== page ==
Military Wants to Buy Iron Man Suits for Troops

Robert Downey, Jr. as Tony Stark, standing in front of the famed Iron Man suit.

Robert Downey, Jr. as Tony Stark, standing in front of the famed Iron Man suit. Marvel, Zade Rosenthal/AP File Photo

The suit would manage soldiers’ metabolism and tap their thoughts.

The Special Operations Command wants to develop an “Iron Man” suit named after the fictional Marvel Comics superhero to protect troops as well as incorporate wearable power, computer and communications systems.

SOCOM kicked off the research project for what is formally called the Tactical Assault Light Operator Suit in September and this week several vendors are showcasing prototypes -- which include helmets, power and cooling systems -- at the University of South Florida’s Research Park in Tampa, home of SOCOM.

Michel Fieldson, who manages the TALOS project for Special Operations Command, said “We sometimes refer to it as the Iron Man suit, frankly to attract the attention, imagination and excitement of industry and academia.”

SOCOM, in a detailed description of its requirements, makes ballistic protection a priority for the TALOS suit, just as the Marvel comics character, billionaire industrialist Tony Stark, did with his Iron Man suit.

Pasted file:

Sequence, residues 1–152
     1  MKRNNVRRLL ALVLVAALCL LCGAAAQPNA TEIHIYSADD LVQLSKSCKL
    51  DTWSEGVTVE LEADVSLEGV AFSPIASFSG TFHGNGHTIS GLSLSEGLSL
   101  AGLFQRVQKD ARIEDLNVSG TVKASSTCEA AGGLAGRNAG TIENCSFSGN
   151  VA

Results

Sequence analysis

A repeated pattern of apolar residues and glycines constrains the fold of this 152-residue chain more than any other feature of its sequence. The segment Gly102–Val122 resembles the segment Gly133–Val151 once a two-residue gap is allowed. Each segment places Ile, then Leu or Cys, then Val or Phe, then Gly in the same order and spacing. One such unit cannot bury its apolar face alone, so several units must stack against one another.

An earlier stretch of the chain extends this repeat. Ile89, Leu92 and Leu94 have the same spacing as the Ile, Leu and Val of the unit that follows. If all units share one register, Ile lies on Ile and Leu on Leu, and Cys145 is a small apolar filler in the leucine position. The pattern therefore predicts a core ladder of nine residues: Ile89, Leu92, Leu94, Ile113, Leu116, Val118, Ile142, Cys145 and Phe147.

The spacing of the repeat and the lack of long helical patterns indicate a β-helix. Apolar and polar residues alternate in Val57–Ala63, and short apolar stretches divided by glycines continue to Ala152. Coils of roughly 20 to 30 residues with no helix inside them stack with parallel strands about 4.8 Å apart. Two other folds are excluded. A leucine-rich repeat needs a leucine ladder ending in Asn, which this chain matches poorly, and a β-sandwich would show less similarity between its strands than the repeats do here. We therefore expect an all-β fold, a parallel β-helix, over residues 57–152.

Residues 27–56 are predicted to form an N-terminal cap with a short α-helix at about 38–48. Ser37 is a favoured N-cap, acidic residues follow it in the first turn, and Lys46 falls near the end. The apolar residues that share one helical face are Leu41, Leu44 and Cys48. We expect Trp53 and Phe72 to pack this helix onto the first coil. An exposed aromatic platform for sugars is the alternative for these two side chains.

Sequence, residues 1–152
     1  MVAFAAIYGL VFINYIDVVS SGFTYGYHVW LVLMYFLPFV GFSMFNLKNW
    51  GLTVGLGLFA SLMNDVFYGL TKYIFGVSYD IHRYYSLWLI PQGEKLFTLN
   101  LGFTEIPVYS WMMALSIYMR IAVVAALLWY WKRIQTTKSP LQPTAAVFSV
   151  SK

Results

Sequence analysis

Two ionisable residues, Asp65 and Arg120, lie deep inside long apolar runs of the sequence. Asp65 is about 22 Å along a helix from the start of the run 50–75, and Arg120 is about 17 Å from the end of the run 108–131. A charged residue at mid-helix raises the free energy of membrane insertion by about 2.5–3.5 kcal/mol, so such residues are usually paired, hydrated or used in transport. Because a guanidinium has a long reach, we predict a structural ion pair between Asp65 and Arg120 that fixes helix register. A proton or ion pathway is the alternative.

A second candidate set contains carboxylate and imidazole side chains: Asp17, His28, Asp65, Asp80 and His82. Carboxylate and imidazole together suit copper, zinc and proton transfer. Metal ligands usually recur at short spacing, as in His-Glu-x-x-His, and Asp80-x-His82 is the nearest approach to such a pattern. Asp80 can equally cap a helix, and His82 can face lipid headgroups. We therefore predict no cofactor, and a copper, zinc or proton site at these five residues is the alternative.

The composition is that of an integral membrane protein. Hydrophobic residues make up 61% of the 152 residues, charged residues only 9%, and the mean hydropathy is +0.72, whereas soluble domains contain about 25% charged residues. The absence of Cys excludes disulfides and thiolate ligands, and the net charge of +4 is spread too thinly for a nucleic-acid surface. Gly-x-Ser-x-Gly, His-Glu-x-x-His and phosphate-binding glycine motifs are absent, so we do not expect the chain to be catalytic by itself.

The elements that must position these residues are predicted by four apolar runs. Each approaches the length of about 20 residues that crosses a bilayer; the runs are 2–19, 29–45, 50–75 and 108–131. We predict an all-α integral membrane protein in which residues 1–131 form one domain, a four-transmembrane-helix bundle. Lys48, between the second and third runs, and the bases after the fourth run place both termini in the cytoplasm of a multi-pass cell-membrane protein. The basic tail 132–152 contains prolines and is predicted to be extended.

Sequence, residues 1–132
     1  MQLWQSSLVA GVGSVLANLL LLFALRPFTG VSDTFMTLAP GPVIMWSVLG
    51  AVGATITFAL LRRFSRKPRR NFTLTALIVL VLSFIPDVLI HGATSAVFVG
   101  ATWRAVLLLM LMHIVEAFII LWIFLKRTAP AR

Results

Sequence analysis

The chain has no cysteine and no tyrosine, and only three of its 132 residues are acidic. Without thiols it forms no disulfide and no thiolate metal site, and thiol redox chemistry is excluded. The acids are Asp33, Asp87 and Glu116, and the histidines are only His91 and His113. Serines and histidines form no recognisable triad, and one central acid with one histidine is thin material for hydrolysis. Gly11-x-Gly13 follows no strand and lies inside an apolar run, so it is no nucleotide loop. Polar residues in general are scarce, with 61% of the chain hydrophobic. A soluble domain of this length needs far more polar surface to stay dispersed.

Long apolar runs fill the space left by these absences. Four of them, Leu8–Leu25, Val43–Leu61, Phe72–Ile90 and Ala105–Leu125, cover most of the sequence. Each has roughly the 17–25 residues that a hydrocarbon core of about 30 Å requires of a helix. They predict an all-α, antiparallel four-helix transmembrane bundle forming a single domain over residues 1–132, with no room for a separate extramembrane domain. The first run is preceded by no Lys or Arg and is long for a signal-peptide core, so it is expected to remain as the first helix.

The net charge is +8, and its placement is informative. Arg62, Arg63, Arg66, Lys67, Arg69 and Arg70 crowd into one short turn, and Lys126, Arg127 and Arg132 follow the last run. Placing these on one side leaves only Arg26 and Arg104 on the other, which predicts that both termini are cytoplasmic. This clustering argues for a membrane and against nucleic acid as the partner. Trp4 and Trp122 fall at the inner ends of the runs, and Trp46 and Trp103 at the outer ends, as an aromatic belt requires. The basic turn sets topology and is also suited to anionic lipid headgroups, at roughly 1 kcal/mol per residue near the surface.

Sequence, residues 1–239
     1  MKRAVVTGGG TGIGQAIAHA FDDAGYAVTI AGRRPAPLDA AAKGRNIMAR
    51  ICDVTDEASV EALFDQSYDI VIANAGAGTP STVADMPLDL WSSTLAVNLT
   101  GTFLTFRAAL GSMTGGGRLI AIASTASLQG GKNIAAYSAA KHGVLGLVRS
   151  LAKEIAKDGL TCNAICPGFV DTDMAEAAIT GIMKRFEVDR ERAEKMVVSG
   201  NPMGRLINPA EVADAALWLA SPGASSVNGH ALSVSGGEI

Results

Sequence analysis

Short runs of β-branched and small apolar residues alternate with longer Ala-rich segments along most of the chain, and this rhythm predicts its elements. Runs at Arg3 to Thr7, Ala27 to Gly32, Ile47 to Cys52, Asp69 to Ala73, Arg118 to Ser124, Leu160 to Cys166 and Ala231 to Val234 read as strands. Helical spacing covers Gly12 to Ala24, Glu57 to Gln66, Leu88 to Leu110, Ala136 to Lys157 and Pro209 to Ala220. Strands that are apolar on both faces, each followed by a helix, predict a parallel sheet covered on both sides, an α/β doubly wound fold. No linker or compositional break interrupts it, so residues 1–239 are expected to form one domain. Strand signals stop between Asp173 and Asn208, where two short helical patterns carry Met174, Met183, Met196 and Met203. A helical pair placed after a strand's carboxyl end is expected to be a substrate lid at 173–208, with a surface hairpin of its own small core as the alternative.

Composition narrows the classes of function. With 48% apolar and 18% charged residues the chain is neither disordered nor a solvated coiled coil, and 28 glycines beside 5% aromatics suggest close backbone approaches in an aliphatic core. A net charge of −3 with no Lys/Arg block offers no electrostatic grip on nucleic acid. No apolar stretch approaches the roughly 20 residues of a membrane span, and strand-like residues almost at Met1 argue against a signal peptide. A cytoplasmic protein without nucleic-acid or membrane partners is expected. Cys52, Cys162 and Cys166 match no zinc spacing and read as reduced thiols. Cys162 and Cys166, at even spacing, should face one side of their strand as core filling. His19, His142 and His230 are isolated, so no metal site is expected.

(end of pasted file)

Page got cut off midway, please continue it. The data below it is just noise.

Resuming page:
The TALOS needs next generation ballistic protection with an exoskeleton to enhance mobility and technology that “promotes timely, relevant, and accurate assessment of friendly, enemy and other operations within the battle space in order to facilitate decision making,” SOCOM said.

SOCOM wants the suit to incorporate a personalized information display potentially based on the “utilization of cognitive thoughts.” They also want the suit to manage heat in a way that reduces a soldier’s metabolic rate and prolongs endurance.

TALOS should include power generation and scavenging systems and renewable energy. In addition, power distribution, management and storage solutions need to be light enough to be portable or wearable, the SOCOM proposal said.

SOCOM will provide up to $2 million in funds for individual TALOS research projects. The command will accept submissions until September 2014, but last week they urged firms to apply sooner because program officials are reviewing proposals and making awards on an ongoing basis.

Fieldson said SOCOM will serve as the integrator for TALOS since it involves so many disparate technologies. It will start integration within a year and have the first suit ready for field test in four to five years.

SOCOM commander Adm. William McRaven strongly backs TALOS as a way to eliminate battlefield casualties. He told a TALOS conference this July, “I'd like that last operator that we lost to be the last one we ever lose in this fight o the fight of the future; and I think we can get there.”